On Monday, in Red Hat’s backyard at All Things Open in Raleigh, word was that Microsoft representatives were saying an “important” announcement would be made at Tuesday morning’s keynote address by Mark Russinovich, CTO for Microsoft Azure. I was expecting something earth shattering, like maybe Redmond was going to port Office to Linux, or that Red Hat and MS were going to get together on some major project.
It was nothing like that. But it was pretty big, given Redmond’s history with open source.
Evidently, the news was that the company is looking for more than a few good men and women who know their way around open source software. I use the word “evidently,” because the announcement was made rather subtly and without fanfare near the end of the keynote. It was slipped in as just another note in a talk about how Microsoft is serious about becoming a good open source citizen.
Russinovich made it very clear, without coming right out and saying it, that Microsoft was at All Things Open in large part to find a few knowledgeable open source people to put on the payroll.
The address started out as more of the same: Microsoft explaining how much it’s on the open source bandwagon.
Russinovich did a good job of making Redmond’s case, and to these skeptical eyes of mine — at least as far as Microsoft is concerned — he came across as truthful and honest. Not surprising, as he has a reputation among people who work in enterprise open source of being one of the good guys.
He spent most of his 30 minutes at the podium offering a review of Microsoft’s approach to open source, with some background on the hows and whys that led to the turnabout from “hate” to “love” when it comes to Linux and free software. There was very little new here, but nor were there any attempts to put lipstick on a pig.
It’s no secret that a lot of what prompted Microsoft to change its open source tune had to do with the rising importance of cloud computing, which Russinovich readily admitted by pointing out that even the most dedicated MS shops use Linux and open source, which they’d need to deploy in any cloud solution.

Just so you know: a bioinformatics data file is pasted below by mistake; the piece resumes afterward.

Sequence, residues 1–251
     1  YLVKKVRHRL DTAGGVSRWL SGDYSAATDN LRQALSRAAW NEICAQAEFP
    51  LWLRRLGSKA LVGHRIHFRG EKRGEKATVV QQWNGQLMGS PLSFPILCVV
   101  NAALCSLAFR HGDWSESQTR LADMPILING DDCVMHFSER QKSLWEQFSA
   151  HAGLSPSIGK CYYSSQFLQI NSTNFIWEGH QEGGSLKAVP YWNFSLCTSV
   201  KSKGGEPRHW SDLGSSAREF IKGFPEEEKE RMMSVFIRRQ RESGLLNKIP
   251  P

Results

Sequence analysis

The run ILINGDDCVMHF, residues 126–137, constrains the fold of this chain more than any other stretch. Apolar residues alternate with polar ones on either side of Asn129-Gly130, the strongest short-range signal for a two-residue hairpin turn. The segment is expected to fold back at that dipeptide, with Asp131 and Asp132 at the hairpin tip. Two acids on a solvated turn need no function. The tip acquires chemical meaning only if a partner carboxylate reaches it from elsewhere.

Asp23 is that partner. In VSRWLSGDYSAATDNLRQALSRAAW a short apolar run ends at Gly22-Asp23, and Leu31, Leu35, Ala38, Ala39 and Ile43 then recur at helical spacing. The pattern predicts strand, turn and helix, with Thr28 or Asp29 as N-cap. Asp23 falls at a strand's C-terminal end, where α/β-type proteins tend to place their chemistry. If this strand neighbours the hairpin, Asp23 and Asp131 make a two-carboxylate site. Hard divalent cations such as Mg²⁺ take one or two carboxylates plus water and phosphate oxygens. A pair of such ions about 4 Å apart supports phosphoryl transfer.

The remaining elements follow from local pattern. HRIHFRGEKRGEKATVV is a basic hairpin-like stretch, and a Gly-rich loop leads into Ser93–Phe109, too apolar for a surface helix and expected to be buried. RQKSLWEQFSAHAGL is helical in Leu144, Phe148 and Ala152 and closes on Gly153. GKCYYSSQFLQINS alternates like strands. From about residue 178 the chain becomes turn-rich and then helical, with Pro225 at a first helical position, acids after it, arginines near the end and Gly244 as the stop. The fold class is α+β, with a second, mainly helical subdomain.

“It’s obvious that if we don’t support Linux and open source in our cloud,” he said, “then we’ll be a Windows only cloud, and that would not be practical.”
He also ran through a long list of products the company has open sourced, most of which have also been ported to Linux — especially important for tools because it allows the use of the same tools across platforms. In addition, he talked in plain single-speak (meaning no discernible doublespeak) on the company’s collaboration efforts with major open source projects that are outside the Microsoft domain, like Docker, detailing the nature and reasons behind the collaborations.
The recruitment pitch came near the end of his talk, when he jokingly invited the audience of mostly developer types to, “Pass your resumes up.”
He talked about the career opportunities within the company for people with open source knowledge and skills, pointing to the fact that the company currently has over 300 open source job listings outside the country, with many more here in the United States. What he didn’t mention, probably because it wasn’t necessary, was that Microsoft had a booth at the conference staffed with people who’d be happy to explain in detail the opportunities available for those who want to join Redmond’s team.
Does this mean that it’s time for the open source community to quit the fight and declare a truce with what has until recently been our biggest enemy? As I said a few weeks back, not yet. Not as long as the company continues to use software patents as a threat against open source projects. However, it might be time to tone down the anti-Microsoft rhetoric a bit and give them a little breathing room. If we give them enough rope, we can see if they hang themselves, or if they use it to strengthen their ties with the open source community.